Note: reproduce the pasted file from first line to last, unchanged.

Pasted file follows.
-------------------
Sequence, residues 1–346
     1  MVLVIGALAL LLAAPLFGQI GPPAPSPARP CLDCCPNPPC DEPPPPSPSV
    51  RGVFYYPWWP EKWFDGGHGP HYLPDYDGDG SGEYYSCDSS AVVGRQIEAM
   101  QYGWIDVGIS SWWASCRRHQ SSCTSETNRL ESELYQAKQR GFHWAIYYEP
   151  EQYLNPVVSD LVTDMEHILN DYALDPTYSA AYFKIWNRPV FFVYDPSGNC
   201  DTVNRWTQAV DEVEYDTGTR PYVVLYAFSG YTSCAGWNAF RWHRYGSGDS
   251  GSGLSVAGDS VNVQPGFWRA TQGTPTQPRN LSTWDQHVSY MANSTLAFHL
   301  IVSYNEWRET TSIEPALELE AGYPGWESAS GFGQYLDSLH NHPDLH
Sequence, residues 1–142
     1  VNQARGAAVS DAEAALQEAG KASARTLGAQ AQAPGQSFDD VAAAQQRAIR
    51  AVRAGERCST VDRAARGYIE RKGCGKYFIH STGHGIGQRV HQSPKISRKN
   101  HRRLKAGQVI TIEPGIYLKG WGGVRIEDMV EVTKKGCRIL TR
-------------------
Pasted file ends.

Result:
Sequence, residues 1–346
     1  MVLVIGALAL LLAAPLFGQI GPPAPSPARP CLDCCPNPPC DEPPPPSPSV
    51  RGVFYYPWWP EKWFDGGHGP HYLPDYDGDG SGEYYSCDSS AVVGRQIEAM
   101  QYGWIDVGIS SWWASCRRHQ SSCTSETNRL ESELYQAKQR GFHWAIYYEP
   151  EQYLNPVVSD LVTDMEHILN DYALDPTYSA AYFKIWNRPV FFVYDPSGNC
   201  DTVNRWTQAV DEVEYDTGTR PYVVLYAFSG YTSCAGWNAF RWHRYGSGDS
   251  GSGLSVAGDS VNVQPGFWRA TQGTPTQPRN LSTWDQHVSY MANSTLAFHL
   301  IVSYNEWRET TSIEPALELE AGYPGWESAS GFGQYLDSLH NHPDLH
Sequence, residues 1–142
     1  VNQARGAAVS DAEAALQEAG KASARTLGAQ AQAPGQSFDD VAAAQQRAIR
    51  AVRAGERCST VDRAARGYIE RKGCGKYFIH STGHGIGQRV HQSPKISRKN
   101  HRRLKAGQVI TIEPGIYLKG WGGVRIEDMV EVTKKGCRIL TR